Non-gaming revenue for Macau casino resorts is “simply not large enough” to offset declines in gaming spend in the city, says a report from Union Gaming Research LLC.
The document, carrying Wednesday’s date, was compiled after the firm’s analysts met senior casino industry executives, including the chief financial officers of several Macau gaming operators.
Market wide, Macau’s casino gross gaming revenue (GGR) for November fell by 32.3 percent from the prior-year period, the 18th straight month of GGR retreat measured year-on-year. It was the lowest monthly GGR tally since September 2010, according to official data.
The total spending – excluding gaming expenses – of visitors to Macau in the third quarter fell 19.5 percent year-on-year according to data released on November 19 by the city’s Statistics and Census Service.
In 2014, fewer than 10 percent of Macau casino resorts’ gross revenues came from non-gaming activities, estimated Fitch Ratings Inc in a report issued in August.
Nonetheless, the Macau government has spelled out to the casino industry that it wants to see an increase in non-gaming elements such as shopping and live entertainment at the new resorts that are being opened on Cotai between now and the end of 2017. The government has said in particular that it will link gaming table allocation for such projects to their non-gaming offer.
But analysts say that puts pressure on a business model in Macau that requires gaming operators to spend as many billions of U.S. dollars on new resorts as they were required to before the advent of what China’s government has referred to as the “new normal”. That has included a moderation of the country’s economic growth, greater scrutiny of money being sent offshore, including cross-border transfer for gambling, and a central government-led campaign in pursuit of corrupt officials and business people.
“Non-gaming is simply not large enough to offset declines in gaming revenue,” said Union Gaming analysts Christopher Jones and John DeCree in their Wednesday report and referring to the Macau tourism market.
“While the non-gaming segment is growing as a percentage of overall revenues, the mix-shift is being fostered by a reduction in gaming win rather than a more significant acceleration in non-gaming revenue,” they added.
The most recent Macau gaming resort to open – the US$3.2-billion Studio City, 60-percent owned by Melco Crown Entertainment Ltd and launched on October 27 – has a wide range of non-gaming facilities.
Union Gaming stated: “In five to 10 years, non-gaming might be the primary driver of EBITDA [earnings before interest, taxation, depreciation and amortisation] in Macau given the market’s significant investment in this area; however, it is unlikely that non-gaming will significantly drive Macau earnings in the next 24 to 36 months.”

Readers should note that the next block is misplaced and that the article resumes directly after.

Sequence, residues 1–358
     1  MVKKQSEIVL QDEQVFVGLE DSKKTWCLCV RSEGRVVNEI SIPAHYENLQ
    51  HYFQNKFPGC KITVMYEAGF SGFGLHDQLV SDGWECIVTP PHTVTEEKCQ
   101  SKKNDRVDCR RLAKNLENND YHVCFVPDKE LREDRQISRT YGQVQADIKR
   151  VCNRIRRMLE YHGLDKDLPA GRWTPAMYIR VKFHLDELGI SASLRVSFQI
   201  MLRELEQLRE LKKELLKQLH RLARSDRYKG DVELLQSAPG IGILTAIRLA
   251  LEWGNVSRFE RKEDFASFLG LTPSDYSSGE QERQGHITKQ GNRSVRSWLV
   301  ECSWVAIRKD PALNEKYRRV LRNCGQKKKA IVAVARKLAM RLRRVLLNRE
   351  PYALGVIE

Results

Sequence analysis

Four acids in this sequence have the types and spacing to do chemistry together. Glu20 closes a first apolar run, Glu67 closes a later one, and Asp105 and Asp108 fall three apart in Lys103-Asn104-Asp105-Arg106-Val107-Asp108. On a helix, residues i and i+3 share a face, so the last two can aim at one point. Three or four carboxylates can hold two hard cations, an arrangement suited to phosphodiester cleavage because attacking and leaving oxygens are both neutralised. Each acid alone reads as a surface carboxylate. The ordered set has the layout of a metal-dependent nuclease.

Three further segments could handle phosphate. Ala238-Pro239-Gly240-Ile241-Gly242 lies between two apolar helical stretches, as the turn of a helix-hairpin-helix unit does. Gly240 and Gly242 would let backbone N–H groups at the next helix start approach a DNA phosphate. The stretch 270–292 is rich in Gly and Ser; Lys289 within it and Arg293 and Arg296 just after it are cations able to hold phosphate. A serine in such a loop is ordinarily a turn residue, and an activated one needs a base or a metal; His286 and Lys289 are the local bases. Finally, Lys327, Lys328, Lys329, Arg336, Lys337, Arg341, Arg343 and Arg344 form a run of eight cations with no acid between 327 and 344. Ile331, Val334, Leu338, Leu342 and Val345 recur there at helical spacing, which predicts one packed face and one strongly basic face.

The analysts noted that if average bet size in the Macau market declines – as the highest value players stay away or reduce the frequency of their visits as has been widely reported – then either the frequency of betting among remaining, lower value, gamblers needs to rise or the number of such bettors needs to rise dramatically simply in order for the market to maintain profitability.
The Union Gaming team said that with a conservatively assumed win percentage on baccarat of 1.25 percent for the house, “an 80 percent reduction in average bet size increased the number of bets required to maintain profitability by 400 percent”.
The report added that “given the economic challenges facing China today” there was “little evidence to support [the idea] that Chinese customers are going to start spending more per visit”.
The institution’s team also noted VIP gambling in Macau would “likely get worse before it gets better”. They stated: “Junket liquidity and the overall number of junket operations in the market continue to contract and consolidate.”
About 40 percent of the VIP gaming promoters – commonly known as junkets – that had been licensed by the Macau government prior to the downturn in high roller gambling, are no longer active in the local casino market, said Robert McBain, chief financial officer of Macau casino operator SJM Holdings Ltd, during a conference panel at the Macao Gaming Show on November 18.
One antidote to the market’s current woes says Union Gaming, is to increase market access for mass-market visitors.
The monthly tally of visitors to the city has declined year-on-year in seven of the first 10 months of 2015, according to Macau government data.
Nonetheless the number of hotel rooms in Macau is set almost to double over the next few years, according to official data released in August. The decline in the number of VIP gamblers is also said to have freed existing hotel rooms that would otherwise be held back for such high value players.
“With more room supply, it is logical to believe that Macau can expand visitation,” said Mr Jones and Mr DeCree.
“However, government actions in Macau do not suggest that they will allow unlimited growth in visitation. Assuming that they eventually come to their senses, we believe it would be after Macau sees infrastructure improvements that steer Chinese tourists away from the peninsula,” added the Union Gaming team.
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